Last time, I talked about one of the most frequent reasons for users to call help desks and IT departments: forgotten passwords. Though Novell finally put functionality into NetWare 5 to support "password administrators," this won't work with NetWare 4 or mixed NetWare 4 and 5 environments. There is an unsupported application from Novell, as well as some supported third-party apps to create NetWare 4 password administrators, but how about an application that allows users to reset their own passwords?
Network World first brought your attention to John McCann's Visual Click Software a year and a half ago, when Click: Vision Manager (since renamed DSRazor - a very good move) was first introduced:
DSRazor lets you construct standalone Novell Directory Services (NDS)-enabled applications - such as password administrator programs. But McCann went one step further and created MyReset, a utility that allows users to reset their own NDS passwords!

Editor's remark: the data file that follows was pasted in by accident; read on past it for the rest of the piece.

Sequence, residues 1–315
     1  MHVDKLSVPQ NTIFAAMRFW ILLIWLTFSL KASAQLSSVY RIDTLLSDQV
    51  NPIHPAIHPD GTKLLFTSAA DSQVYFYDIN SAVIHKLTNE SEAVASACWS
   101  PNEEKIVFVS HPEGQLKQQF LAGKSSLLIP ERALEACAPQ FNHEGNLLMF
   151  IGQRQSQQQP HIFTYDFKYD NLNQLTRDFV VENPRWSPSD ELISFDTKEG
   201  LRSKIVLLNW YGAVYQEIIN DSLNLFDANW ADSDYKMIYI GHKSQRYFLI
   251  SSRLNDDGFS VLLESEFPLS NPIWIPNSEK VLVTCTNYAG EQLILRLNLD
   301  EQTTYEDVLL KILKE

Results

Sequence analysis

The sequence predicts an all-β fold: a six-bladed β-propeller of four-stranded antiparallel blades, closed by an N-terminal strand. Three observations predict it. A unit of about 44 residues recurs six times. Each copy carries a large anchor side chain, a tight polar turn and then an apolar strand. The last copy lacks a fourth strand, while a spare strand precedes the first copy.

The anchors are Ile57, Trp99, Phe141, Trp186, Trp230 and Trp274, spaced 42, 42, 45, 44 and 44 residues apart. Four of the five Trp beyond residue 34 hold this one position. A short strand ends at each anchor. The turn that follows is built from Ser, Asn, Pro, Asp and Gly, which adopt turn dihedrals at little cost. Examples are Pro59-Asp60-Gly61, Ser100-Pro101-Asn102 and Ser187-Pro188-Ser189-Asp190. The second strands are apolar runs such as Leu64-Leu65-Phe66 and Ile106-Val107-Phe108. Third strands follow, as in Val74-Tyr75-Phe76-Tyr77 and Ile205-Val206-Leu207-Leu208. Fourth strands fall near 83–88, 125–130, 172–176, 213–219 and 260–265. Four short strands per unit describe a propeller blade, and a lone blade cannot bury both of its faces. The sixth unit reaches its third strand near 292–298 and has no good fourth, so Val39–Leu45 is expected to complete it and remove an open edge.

You decide which information you need a user to enter to verify his or her identity (birth date, logon name, e-mail address, etc.) from any one or more attributes of the user object in NDS. Once the user verifies identity, the password is set to the value of another attribute (or concatenation of attributes) in NDS (phone number, employee ID, last name, etc.) chosen by you.
How much easier, yet secure, can it be? How much time will it save?
While you're at the Visual Click Web site, check out the new features in DSRazor, including the "Zero Privilege Helpdesk" application which (surprise!) allows help-desk personnel to reset passwords without other supervisory privileges.
Take a look also at the new DSMeter utility, which can help you track NDS Security. It includes the ability to find and disable all Hidden User accounts, as well as lock down NDS Create and Delete Privileges to just those object classes you desire.
There are a lot of good things at Visual Click these days - tools to give you more time, more control or more peace of mind. Check them out today.
This story, "Reset your own password " was originally published by NetworkWorld.